The city at night talks through drones and chaos. The hidden city that lives in the shadows of the anaesthetized and over-stylized urban landscape. The night time heart that pounds to the rush of different drums: a subverted militaristic snare, a distorted break, a glitched dub attack, a middle eastern refrain, a cacophony of in-car dissonance, a symphony of random noise soundtracking life at the edge of the night. Where humanity lurks in darkened corners, hoods up, eyes down and communicating through clandestine gestures. Where the urban fox hunts in the darkness of the city’s suffocating ghost life, ransacking the daytime waste, taking what it wants – unafraid, unchallenged, untethered, untouchable… Like The Prodigy.
The Prodigy today announce their new album ‘The Day is My Enemy’, due for release on March 30th via the bands own label Take Me To The Hospital through Cooking Vinyl. It’s an album that takes you on a journey through the unchartered underbelly of urban nightlife where anger is an ever-present energy lurking just beneath the surface of an edgy calm.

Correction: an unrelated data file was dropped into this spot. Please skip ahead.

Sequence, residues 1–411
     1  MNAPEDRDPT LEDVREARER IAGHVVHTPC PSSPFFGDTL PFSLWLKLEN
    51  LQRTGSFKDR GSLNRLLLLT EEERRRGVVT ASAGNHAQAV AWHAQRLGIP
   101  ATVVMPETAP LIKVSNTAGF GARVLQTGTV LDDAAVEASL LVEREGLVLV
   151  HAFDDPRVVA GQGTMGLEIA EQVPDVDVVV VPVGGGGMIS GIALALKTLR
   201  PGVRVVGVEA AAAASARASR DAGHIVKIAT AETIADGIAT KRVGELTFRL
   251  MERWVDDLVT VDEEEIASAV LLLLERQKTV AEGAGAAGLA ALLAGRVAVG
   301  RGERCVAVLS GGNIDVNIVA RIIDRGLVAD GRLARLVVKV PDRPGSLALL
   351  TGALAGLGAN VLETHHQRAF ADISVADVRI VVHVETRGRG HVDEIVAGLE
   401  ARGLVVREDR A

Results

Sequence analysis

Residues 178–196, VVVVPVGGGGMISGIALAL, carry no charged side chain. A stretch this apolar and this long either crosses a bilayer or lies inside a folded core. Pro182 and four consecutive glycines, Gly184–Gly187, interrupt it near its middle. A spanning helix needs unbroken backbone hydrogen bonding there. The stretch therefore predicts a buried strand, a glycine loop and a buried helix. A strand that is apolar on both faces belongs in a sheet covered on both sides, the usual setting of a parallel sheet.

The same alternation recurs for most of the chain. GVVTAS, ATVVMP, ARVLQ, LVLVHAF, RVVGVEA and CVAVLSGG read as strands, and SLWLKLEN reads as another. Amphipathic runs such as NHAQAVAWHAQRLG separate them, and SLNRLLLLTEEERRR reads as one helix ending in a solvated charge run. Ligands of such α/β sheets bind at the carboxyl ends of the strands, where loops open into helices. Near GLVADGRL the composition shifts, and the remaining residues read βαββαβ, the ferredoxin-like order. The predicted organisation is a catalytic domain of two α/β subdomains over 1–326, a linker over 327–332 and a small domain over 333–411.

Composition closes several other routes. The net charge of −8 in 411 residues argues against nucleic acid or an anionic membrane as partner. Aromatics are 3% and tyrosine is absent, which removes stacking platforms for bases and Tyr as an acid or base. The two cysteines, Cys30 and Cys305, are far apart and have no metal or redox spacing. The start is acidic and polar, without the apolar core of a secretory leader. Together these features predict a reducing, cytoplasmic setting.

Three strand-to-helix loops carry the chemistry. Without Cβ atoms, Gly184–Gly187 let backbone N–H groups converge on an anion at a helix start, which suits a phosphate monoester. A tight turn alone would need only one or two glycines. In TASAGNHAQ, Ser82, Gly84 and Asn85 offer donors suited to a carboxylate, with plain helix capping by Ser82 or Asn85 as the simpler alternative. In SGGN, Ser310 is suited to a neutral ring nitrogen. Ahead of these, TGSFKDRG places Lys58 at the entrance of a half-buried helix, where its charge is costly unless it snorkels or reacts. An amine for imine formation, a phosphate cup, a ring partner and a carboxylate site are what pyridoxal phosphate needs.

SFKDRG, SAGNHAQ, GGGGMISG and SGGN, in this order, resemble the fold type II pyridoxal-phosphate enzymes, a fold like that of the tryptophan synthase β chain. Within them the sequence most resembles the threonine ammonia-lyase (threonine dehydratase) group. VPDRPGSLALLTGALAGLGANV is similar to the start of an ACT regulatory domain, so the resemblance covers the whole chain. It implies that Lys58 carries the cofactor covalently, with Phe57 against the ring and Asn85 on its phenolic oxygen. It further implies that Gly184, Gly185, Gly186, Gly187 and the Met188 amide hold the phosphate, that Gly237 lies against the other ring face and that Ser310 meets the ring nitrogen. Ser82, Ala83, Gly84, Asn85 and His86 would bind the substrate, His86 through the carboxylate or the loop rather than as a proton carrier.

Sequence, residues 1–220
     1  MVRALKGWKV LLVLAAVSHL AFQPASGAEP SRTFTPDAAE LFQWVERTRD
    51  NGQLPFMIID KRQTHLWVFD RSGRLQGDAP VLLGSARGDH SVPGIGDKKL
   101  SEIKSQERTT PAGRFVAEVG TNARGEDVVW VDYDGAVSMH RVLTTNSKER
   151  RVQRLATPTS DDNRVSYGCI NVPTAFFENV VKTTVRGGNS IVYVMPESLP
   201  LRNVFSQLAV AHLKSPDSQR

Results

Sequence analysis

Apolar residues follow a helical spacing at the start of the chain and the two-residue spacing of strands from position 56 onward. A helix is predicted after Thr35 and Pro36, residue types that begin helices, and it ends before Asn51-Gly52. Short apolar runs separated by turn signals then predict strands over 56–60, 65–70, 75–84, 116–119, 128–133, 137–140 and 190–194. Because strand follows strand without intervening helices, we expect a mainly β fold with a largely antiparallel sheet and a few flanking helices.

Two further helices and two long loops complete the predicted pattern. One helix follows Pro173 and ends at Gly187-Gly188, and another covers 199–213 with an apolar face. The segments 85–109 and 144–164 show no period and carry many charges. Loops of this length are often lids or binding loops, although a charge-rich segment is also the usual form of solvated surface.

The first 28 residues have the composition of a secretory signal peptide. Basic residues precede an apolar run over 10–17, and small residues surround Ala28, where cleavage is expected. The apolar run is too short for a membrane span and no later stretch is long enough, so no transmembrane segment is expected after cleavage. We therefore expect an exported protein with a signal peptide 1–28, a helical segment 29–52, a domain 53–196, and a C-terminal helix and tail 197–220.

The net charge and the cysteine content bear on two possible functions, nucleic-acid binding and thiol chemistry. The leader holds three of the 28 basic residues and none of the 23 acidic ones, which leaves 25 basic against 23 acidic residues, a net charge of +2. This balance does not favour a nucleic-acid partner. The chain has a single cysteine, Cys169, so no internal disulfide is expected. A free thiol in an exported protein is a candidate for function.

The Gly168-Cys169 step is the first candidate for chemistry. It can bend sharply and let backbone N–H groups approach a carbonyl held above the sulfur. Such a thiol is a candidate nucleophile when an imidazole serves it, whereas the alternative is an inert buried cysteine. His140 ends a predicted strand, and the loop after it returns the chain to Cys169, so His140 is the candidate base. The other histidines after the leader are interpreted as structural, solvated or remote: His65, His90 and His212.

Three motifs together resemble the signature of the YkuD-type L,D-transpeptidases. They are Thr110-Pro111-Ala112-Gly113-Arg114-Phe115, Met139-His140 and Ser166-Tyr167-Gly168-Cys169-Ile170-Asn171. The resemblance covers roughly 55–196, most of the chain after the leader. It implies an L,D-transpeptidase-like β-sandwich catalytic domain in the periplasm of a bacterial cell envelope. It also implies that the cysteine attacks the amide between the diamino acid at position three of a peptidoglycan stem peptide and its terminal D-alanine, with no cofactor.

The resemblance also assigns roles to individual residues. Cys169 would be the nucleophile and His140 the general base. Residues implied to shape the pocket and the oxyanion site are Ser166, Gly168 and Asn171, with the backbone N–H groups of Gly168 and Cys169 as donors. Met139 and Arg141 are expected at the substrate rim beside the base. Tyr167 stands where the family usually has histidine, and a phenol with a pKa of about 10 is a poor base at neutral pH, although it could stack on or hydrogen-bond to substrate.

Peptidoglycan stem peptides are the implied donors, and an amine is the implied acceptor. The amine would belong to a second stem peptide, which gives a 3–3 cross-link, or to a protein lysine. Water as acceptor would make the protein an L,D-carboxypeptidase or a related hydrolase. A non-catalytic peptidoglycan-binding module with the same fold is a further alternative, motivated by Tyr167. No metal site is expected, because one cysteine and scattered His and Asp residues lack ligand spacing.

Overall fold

“I can’t tell you why this record came out so angry, I think it’s just inbuilt in me, ” says Liam Howlett “It’s more about what I like music to do. I’ve always seen music I like as a form of attack. That’s what I use music for, it’s an attack. I didn’t plan this album to sound violent, it’s just the sound that came out of the studio, a kind of build up over the last 4 years. ‘Anger is an energy’, that’s a lyric which always resonated with me. The tension is buried deep in the music right from the first drop. It’s all about the sound having that sense of danger. That’s what The Prodigy sound is about.”
Uncompromising first single ‘Nasty’ fires out of the cannons like a ferocious statement of intent and finds Keith Flint at his snarling best. Premiering as Zane Lowe’s Hottest Record in the World on BBC Radio 1, it sets the tone perfectly for the new album.
The Day Is My Enemy is probably the most British sounding album you’ll hear this year. Not British in the flag waving jingoistic sense, but in a way that understands that the nighttime spaces of urban Britain are a multi-hued cacophony of cultures. If Invaders Must Die was the sound of the rusted urban sprawl decaying like an open wound in the British countryside, then The Day is My Enemy is about the angry humanity existing in the decay of the urban nightmare.
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